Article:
But I’ve got to tell you, when he finally did step down I had this feeling of elation on the one hand, that finally this part of the nightmare was over and that Egypt could actually begin moving towards democracy, but I also had this enormous sense of depression, because I thought this is a guy who 18 days ago could have made this move, and he could have actually left with some of his integrity intact and without bringing Egypt to ruin.
This is a man who really brought Egypt in two weeks to economic ruin. He shut off the Internet, he did all of these terrible things, and I thought there’s this concept that we have in Islam, there’s a story in the Qur’an about this man who owns a garden, and he’s so arrogant and happy about his garden.
In the Qur’an, it says this man entered is garden and he was bragging about it, and he was being unjust to himself by bragging, because this arrogance, fundamentally, it’s an injustice to yourself.
I think Mubarak committed all kinds of injustices to the Egyptian people but in the end he also committed a grave injustice to himself. He could have left and people would have said he was a flawed leader but at least he let go at the right time. But he just didn’t.
Tavis: Beyond letting go at the right time – and again, nobody’s having a pity party for Hosni Mubarak tonight – but beyond leaving – not leaving, as it were, Tarek – at the right time, how will this absolutely not just color but stain his legacy?
I ask that because the thing that’s fascinating for me is that whether you like or loathe this guy, there was some good that he accomplished in this 30-year rule and I don’t think that any of that is ever going to be remembered, given how it came crashing down at the end.
Masoud: I think that if you had asked us 18 days ago about Mubarak’s legacy, we absolutely would have said what you just said. But I think what he did during those 18 days really exposed the nature of his regime. This is a guy who at the end of the day was reliant on force and when he saw that the people didn’t want him he concluded it was kill or be killed and he tried to kill.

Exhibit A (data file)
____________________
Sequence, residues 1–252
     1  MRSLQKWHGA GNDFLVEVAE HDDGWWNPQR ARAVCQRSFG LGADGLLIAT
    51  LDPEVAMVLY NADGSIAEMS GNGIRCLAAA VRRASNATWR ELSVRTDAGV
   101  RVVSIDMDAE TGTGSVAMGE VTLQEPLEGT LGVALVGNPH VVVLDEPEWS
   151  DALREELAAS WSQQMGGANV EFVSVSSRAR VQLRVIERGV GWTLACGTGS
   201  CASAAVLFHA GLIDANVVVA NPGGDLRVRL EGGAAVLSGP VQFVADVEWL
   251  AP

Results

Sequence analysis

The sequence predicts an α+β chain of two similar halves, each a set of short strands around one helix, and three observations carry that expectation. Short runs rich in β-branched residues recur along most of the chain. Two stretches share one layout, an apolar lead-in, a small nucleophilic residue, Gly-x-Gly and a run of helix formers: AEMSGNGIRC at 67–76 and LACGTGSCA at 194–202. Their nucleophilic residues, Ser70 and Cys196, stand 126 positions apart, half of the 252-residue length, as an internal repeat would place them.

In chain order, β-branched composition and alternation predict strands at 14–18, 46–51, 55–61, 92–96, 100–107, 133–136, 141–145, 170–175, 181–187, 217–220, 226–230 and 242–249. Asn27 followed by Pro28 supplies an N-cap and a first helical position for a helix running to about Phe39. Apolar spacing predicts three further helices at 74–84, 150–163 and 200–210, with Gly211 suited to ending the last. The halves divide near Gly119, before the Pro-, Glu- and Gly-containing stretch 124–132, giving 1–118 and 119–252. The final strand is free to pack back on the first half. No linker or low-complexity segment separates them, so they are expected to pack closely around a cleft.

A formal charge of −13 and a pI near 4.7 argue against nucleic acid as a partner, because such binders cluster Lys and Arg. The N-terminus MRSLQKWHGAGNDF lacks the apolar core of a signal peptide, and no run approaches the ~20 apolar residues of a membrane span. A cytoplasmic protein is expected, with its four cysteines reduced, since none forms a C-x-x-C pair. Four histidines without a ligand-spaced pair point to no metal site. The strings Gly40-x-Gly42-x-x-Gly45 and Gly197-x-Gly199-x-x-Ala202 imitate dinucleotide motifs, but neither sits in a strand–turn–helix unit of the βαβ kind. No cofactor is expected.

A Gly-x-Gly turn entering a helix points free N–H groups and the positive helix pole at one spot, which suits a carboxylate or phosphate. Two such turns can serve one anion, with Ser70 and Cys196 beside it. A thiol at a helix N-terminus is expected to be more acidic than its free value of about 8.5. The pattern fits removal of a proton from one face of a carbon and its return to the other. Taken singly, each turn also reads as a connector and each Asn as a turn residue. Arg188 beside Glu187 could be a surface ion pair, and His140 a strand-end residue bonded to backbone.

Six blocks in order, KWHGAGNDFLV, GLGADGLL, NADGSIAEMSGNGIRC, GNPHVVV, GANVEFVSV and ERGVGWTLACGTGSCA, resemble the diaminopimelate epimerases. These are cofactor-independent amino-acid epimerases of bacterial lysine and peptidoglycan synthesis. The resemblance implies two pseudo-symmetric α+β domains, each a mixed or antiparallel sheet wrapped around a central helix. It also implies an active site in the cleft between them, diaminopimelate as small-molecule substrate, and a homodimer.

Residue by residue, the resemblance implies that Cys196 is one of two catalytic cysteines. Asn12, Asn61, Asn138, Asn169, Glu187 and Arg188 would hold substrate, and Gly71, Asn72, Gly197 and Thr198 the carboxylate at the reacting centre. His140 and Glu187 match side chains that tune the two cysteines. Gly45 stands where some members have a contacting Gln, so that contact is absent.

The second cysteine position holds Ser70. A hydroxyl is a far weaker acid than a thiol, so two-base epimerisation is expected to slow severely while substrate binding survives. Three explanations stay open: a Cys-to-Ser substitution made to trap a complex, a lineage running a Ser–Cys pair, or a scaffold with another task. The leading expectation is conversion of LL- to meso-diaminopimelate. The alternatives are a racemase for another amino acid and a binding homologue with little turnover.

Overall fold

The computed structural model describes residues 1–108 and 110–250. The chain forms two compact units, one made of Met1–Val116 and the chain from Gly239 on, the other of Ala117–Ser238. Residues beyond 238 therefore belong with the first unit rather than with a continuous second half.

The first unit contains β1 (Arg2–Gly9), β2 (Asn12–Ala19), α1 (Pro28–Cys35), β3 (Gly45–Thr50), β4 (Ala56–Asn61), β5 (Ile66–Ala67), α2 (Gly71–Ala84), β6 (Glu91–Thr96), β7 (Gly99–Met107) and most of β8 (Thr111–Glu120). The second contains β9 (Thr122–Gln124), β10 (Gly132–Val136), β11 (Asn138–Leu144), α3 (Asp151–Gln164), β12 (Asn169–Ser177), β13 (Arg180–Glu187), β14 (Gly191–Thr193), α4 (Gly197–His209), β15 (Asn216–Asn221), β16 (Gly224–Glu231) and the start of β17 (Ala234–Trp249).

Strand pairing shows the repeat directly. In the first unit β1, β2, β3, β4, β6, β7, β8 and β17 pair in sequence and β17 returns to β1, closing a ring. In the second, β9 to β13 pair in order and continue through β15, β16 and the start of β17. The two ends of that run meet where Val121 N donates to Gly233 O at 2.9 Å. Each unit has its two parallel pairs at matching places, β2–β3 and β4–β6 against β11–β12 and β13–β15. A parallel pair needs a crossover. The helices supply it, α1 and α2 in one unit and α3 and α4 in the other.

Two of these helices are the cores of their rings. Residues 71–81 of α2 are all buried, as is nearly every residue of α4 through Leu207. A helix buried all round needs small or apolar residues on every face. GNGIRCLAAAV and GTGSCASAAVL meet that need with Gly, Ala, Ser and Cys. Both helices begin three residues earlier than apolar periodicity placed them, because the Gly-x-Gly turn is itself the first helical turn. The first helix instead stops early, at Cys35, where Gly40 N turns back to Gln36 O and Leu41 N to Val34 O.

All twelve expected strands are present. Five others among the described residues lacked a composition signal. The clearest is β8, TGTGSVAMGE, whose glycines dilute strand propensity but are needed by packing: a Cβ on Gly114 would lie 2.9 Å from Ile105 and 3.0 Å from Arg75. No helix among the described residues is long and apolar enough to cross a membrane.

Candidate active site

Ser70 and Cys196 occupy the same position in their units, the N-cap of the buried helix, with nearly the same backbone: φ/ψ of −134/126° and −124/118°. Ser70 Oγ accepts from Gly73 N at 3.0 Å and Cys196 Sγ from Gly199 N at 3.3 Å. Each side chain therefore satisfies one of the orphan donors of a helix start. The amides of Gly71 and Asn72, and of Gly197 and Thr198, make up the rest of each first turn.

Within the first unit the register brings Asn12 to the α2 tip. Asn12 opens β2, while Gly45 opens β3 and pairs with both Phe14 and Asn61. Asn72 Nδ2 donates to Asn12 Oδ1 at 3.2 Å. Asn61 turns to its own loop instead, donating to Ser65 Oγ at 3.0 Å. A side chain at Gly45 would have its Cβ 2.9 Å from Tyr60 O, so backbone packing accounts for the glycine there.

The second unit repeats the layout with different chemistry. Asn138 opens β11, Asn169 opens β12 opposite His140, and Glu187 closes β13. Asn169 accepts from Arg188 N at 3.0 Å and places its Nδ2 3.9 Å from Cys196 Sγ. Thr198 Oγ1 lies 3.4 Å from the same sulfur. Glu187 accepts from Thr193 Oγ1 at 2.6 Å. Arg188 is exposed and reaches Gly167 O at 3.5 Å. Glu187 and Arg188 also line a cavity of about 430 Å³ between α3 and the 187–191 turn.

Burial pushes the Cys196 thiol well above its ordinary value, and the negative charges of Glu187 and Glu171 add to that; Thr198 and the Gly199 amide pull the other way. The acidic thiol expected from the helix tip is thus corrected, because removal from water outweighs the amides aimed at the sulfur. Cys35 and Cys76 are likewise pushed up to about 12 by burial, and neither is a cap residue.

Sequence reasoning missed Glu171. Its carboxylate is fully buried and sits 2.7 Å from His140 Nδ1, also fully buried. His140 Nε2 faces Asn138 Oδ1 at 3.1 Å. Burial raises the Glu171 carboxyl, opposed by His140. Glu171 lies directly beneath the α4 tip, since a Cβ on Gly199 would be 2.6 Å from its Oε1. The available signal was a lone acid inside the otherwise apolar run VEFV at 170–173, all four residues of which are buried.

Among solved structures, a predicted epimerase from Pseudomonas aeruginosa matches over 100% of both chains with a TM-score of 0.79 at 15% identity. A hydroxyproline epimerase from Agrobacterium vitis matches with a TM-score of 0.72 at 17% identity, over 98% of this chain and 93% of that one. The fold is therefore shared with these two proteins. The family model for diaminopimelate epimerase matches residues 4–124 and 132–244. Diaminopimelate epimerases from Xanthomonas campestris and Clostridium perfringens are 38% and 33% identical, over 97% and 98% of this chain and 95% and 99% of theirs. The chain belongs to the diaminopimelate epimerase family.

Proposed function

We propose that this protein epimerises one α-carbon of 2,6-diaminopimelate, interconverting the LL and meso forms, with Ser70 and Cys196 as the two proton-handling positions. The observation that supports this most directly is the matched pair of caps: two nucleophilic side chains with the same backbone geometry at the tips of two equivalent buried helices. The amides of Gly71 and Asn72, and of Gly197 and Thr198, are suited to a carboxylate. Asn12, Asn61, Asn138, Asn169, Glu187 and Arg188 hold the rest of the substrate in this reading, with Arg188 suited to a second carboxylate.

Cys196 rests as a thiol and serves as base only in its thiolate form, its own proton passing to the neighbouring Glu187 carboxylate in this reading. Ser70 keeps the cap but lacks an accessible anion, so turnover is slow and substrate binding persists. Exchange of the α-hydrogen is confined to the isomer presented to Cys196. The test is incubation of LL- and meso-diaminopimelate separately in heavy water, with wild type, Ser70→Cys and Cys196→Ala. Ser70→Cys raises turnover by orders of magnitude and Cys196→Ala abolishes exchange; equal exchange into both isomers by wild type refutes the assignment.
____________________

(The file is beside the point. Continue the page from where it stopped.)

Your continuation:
Almost 400 people, they say, have died in these protests. Maybe the number is even higher. I think that absolutely any incidental good that might have been done during his regime, and there were some economic reforms that lots of people disagree about but some people think were necessary – anything that was remotely good done during his 30 years in power he completely obliterated.
Tavis: Back to your point, then, about the military midwifing. Can the military be trusted to play that role?
Masoud: That’s a very good question. I tend to be a kind of skeptical guy, and when it comes to things like this I think the military controls 40 percent of the economy, why would they want to let go of that? The military obviously is concerned about stability; they’re concerned about that a democratically elected leader might perhaps make statements that cause Israel to feel nervous and the military doesn’t want to get into a conflict on that front.
So there are reasons that I, as a kind of skeptical, fat academic think, well, the military is not going to follow through. But when I talk to people in Egypt – my family, my friends – they all really believe firmly that the military is going to follow through on its promise to initiate democratic reforms, to have constitutional amendments in two months, to have elections in six months. They just believe it wholeheartedly, and they believe – yeah.